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How does \(\Delta V\) and \(\Delta U\)have the same magnitude for a given charge, when the change in U the integral multiplied by Q?
 one year ago
 one year ago
How does \(\Delta V\) and \(\Delta U\)have the same magnitude for a given charge, when the change in U the integral multiplied by Q?
 one year ago
 one year ago

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JenniferSmart1Best ResponseYou've already chosen the best response.0
\[\Delta V=V_bV_a=\frac{\Delta U}{q_0}=\int_a^b\vec E \cdot d\vec l\]
 one year ago

JenniferSmart1Best ResponseYou've already chosen the best response.0
we'll I'm being told that "changes in U and V have the same magnitude for a given charge; they only depend on E.dl (the dot product of each differential path vector with the electric field)" and I don't understand how U and V can have the same magnitude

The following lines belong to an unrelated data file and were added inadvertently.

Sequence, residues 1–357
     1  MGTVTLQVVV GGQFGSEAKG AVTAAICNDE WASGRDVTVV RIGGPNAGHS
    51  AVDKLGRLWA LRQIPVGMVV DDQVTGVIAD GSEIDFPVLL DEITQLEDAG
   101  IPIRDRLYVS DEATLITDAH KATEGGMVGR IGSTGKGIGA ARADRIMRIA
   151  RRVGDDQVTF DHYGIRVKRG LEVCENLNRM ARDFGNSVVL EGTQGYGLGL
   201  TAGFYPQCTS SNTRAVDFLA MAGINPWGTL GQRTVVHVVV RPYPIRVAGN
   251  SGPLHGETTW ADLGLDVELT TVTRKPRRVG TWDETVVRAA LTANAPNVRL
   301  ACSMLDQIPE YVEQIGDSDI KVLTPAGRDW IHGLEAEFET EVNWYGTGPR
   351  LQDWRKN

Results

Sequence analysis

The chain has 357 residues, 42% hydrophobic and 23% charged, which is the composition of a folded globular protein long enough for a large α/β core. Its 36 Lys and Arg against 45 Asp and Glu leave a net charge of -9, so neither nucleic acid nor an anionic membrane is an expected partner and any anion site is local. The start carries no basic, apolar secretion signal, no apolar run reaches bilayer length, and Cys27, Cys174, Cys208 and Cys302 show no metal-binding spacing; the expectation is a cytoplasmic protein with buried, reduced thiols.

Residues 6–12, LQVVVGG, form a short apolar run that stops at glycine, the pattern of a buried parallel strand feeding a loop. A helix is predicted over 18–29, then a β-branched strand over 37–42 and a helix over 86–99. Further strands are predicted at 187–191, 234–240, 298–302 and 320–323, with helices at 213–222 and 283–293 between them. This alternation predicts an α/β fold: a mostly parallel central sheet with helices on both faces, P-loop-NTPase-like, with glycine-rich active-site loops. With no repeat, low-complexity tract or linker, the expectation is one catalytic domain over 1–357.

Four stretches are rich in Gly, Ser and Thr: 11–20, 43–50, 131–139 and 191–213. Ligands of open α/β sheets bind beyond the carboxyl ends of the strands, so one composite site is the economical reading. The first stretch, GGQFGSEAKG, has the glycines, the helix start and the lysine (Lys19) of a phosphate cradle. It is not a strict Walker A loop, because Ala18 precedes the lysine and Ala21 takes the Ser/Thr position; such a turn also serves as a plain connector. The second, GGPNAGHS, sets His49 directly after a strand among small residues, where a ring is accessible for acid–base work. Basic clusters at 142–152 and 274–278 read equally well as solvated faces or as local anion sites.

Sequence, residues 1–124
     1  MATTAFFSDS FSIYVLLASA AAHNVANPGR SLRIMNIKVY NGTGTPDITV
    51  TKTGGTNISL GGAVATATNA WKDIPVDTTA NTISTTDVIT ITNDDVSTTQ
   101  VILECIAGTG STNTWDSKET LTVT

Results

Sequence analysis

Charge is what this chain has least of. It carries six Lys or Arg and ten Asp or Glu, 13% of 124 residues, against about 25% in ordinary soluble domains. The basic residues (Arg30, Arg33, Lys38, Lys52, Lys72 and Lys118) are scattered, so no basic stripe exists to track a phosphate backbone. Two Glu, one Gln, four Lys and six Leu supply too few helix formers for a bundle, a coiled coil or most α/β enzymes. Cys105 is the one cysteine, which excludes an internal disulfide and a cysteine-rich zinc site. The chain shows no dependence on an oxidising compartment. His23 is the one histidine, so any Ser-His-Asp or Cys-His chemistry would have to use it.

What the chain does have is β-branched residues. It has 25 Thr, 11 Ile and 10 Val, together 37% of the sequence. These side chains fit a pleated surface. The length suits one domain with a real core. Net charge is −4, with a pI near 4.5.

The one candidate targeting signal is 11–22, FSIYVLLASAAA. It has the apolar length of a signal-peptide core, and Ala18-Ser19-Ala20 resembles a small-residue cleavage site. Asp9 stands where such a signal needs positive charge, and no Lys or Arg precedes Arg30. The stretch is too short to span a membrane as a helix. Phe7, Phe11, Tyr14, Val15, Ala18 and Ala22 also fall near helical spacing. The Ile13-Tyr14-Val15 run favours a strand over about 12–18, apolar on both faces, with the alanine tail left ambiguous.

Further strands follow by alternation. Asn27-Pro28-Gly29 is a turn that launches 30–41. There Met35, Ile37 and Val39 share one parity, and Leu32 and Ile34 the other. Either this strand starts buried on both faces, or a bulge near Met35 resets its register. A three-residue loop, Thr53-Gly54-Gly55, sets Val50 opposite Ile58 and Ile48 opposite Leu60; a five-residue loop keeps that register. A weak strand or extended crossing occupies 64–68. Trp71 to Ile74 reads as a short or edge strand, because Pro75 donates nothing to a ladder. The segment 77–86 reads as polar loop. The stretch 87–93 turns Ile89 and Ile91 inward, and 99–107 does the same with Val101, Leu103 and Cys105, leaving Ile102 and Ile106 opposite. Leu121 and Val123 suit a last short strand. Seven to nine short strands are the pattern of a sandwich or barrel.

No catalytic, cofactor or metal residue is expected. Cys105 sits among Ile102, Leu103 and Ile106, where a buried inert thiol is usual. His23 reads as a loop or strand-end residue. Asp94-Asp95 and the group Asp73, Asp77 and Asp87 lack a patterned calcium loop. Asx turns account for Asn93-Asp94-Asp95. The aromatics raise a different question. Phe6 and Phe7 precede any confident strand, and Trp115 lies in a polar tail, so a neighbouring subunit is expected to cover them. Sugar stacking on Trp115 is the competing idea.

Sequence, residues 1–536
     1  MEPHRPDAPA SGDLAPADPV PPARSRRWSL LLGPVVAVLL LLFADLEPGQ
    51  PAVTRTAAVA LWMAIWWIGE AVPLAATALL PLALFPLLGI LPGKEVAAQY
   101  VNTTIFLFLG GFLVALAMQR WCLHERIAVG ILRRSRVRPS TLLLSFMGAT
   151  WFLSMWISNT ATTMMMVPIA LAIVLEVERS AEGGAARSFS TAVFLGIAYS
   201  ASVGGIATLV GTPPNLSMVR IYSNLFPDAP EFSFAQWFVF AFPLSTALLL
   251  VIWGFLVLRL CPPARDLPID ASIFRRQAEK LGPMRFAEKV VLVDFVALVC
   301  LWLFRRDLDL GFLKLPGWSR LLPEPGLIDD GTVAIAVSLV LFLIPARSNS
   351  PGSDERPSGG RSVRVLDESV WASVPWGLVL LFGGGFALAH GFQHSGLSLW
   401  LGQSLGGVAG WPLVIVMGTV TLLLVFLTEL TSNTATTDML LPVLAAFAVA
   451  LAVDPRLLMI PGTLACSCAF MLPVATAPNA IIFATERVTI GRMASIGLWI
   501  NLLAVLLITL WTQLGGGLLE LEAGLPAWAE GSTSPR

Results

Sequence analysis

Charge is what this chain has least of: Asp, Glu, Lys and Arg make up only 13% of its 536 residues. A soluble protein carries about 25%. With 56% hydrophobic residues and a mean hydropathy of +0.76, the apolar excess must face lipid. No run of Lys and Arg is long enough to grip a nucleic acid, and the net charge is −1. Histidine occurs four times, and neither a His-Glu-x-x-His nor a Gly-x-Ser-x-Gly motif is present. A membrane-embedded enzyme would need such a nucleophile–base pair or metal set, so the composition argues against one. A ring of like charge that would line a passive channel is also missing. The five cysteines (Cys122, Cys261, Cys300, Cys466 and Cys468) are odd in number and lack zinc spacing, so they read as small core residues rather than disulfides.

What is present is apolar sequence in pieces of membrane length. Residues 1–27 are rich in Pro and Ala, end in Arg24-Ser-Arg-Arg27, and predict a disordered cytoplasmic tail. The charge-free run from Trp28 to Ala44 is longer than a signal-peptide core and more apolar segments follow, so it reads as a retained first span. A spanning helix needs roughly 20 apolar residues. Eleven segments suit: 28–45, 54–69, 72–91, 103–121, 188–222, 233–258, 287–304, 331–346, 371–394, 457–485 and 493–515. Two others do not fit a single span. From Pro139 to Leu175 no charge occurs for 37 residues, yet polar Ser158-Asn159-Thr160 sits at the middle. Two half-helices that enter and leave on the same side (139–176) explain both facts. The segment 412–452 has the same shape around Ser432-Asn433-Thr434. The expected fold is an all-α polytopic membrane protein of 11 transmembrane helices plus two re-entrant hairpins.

one year ago

JenniferSmart1Best ResponseYou've already chosen the best response.0
are we ignoring the test charge (q)?
 one year ago

UnkleRhaukusBest ResponseYou've already chosen the best response.0
maybe the test charge is one unit
 one year ago
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